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University of N.M. Dean to Discuss Public Safety Crisis in Indian Country


(New Mexico)University Libraries’ Indigenous Nations Library Program will host a lecture and brown bag on Nov. 11 on the topic “Addressing the Public Safety Crisis in Indian Country” presented by Kevin K. Washburn, dean and professor of Law at the UNM School of Law. The brown bag event will begin at noon in the Herzstein Latin American Conference Room on the second floor of Zimmerman Library and the lecture will be 3:30 - 5 p.m. in the Willard Room in Zimmerman Library.

Each decade, the media re-discovers the deplorable state of public safety in Indian country and declares it to be a crisis. The crisis is real and severe and it has gradually been getting worse.

Crisis levels of crime, particularly against women and children, have come to reflect the baseline in Indian country. Washburn will describe the structural problems with the criminal justice system in Indian country and will argue that the crisis may continue as long as tribes must continue to rely on the federal and state governments to provide criminal justice in Indian country.

As in the areas of healthcare and education, the problem will likely only be successfully addressed when other governments recognize tribal self-determination and tribal governments are made primarily responsible for addressing the crime problem.

Washburn is one of the leading experts on criminal justice in Indian country. He has published numerous law review articles on the subject, including American Indians, Crime and the Law, 104 Mich. L. Rev. 709 (2006). He has also lectured widely, and testified often before committees of the U.S. Congress. His work has helped to prompt significant recent attention to the justice in Indian country, including proposed Congressional legislation addressing the problem.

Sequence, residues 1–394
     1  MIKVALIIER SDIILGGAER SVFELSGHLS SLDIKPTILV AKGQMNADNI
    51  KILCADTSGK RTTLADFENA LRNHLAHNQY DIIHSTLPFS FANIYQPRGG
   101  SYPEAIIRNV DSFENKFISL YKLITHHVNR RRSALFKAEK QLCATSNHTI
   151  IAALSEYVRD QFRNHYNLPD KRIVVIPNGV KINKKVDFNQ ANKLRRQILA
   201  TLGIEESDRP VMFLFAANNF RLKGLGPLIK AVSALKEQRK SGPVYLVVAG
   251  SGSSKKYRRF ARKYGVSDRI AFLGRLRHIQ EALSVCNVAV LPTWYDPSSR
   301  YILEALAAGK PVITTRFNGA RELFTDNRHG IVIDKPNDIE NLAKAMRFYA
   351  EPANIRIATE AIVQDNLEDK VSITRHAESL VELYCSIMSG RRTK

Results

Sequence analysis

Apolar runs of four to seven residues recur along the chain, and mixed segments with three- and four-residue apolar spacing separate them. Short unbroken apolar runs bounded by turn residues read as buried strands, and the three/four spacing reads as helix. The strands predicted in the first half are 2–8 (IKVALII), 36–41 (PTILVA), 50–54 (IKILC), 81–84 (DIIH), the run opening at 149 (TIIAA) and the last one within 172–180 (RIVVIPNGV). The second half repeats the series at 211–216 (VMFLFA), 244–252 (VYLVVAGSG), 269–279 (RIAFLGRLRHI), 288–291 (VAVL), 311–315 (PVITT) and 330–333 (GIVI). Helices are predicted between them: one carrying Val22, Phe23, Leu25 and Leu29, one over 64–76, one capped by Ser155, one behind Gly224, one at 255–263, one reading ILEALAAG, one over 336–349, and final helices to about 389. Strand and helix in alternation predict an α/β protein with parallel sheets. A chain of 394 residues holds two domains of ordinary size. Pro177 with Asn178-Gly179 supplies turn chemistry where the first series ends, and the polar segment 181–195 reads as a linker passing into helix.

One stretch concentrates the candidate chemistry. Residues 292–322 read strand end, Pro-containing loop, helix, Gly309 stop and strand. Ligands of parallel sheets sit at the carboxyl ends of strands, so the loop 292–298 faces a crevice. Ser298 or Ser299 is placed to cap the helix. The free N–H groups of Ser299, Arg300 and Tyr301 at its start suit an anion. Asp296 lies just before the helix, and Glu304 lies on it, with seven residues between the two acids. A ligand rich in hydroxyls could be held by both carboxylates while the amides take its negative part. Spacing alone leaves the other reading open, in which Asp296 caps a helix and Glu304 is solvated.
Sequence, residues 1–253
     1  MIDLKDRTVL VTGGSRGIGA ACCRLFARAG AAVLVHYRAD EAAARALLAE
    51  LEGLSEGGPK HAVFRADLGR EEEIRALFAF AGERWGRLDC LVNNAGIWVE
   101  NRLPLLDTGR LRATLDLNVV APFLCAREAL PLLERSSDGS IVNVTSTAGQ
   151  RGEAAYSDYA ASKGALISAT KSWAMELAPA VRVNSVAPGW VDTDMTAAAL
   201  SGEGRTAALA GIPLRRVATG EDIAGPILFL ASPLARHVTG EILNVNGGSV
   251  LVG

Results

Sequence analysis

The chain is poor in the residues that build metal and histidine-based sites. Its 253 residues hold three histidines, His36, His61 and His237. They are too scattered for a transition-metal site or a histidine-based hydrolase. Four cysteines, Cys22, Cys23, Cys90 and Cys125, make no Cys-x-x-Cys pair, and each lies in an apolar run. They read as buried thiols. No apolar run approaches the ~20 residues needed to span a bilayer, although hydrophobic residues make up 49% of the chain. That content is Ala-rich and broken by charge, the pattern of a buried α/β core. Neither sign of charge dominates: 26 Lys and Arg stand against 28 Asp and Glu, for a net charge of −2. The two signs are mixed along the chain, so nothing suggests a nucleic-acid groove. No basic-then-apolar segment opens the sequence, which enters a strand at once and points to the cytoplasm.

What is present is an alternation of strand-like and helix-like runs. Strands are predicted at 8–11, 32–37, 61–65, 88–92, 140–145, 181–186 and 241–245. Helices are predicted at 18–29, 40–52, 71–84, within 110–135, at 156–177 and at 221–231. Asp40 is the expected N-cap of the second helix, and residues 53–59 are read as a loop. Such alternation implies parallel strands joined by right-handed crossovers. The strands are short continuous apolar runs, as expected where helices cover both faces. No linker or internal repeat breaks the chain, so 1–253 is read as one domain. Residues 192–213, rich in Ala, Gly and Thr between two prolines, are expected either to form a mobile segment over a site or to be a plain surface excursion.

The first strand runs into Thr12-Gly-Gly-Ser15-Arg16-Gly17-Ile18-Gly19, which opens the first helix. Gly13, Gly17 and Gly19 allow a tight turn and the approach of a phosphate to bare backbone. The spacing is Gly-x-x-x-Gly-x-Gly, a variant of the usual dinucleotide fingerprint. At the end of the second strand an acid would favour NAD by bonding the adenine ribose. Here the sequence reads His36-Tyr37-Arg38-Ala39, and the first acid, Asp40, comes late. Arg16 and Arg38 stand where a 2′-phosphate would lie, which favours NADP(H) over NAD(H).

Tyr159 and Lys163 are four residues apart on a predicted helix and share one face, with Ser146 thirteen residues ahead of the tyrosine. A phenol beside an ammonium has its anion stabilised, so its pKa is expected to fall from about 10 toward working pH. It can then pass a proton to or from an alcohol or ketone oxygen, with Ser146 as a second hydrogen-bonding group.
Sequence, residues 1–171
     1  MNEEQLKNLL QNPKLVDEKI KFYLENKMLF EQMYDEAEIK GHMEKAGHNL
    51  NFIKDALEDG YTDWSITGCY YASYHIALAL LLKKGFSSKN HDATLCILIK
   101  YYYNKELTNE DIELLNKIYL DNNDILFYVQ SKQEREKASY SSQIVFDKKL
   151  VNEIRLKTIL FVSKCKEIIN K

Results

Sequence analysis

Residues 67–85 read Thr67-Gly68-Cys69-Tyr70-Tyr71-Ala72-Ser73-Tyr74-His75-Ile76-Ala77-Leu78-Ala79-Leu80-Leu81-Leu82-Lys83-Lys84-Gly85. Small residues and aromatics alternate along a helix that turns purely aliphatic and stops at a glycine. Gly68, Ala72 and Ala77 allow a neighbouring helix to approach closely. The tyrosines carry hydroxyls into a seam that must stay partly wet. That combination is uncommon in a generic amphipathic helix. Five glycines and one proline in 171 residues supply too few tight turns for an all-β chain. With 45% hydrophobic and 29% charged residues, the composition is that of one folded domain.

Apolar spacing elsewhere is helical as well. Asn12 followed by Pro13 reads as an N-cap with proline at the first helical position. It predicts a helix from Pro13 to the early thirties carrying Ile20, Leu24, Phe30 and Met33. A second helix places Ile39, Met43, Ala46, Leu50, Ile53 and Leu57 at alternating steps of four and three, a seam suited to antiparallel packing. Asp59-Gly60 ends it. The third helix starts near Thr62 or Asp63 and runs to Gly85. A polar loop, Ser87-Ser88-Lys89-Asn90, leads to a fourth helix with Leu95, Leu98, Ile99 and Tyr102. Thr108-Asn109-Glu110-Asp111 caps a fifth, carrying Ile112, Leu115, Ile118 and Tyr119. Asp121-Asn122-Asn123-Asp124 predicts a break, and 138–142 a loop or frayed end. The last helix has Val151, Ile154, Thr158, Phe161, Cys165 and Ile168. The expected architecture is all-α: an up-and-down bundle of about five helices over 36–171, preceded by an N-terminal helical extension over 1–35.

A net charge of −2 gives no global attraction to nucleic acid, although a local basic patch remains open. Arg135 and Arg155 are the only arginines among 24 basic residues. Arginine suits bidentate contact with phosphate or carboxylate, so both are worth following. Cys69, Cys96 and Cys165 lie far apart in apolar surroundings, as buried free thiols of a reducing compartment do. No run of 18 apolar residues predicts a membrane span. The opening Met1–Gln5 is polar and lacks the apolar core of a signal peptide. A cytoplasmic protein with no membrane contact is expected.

He earned his law degree from the Yale Law School in 1993, where he served as Editor-in-Chief of the Yale Journal on Regulation. Following law school, Washburn clerked Judge William C. Canby, Jr., of the United States Court of Appeals for the Ninth Circuit.

As a practicing lawyer, Washburn served as a trial attorney the United States Department of Justice in Washington, D.C., and later as an Assistant U.S. Attorney in New Mexico, where he primarily prosecuted violent crimes arising in Indian country.

Washburn served in 2001-02 on a Native American Advisory Committee to the U.S. Sentencing Commission. He has also served as the General Counsel of the National Indian Gaming Commission, an independent federal regulatory agency.

As a law professor, Washburn taught criminal law and Federal Indian law, as well as other subjects at Minnesota, Harvard, and Arizona prior to joining the New Mexico faculty. He is also a member of the Criminal Law and Procedure Drafting Committee of the National Conference of Bar Examiners which produces the Multistate Bar Examination.

With colleagues from UCLA, Washburn is currently a principal investigator on a $1.47 million grant from the NIJ to study the administration of criminal justice in Indian country. Washburn is an enrolled member of the Chickasaw Nation of Oklahoma, a federally recognized Indian nation, and spent his youth in Oklahoma, mostly within the original boundaries of his tribe's former reservation.

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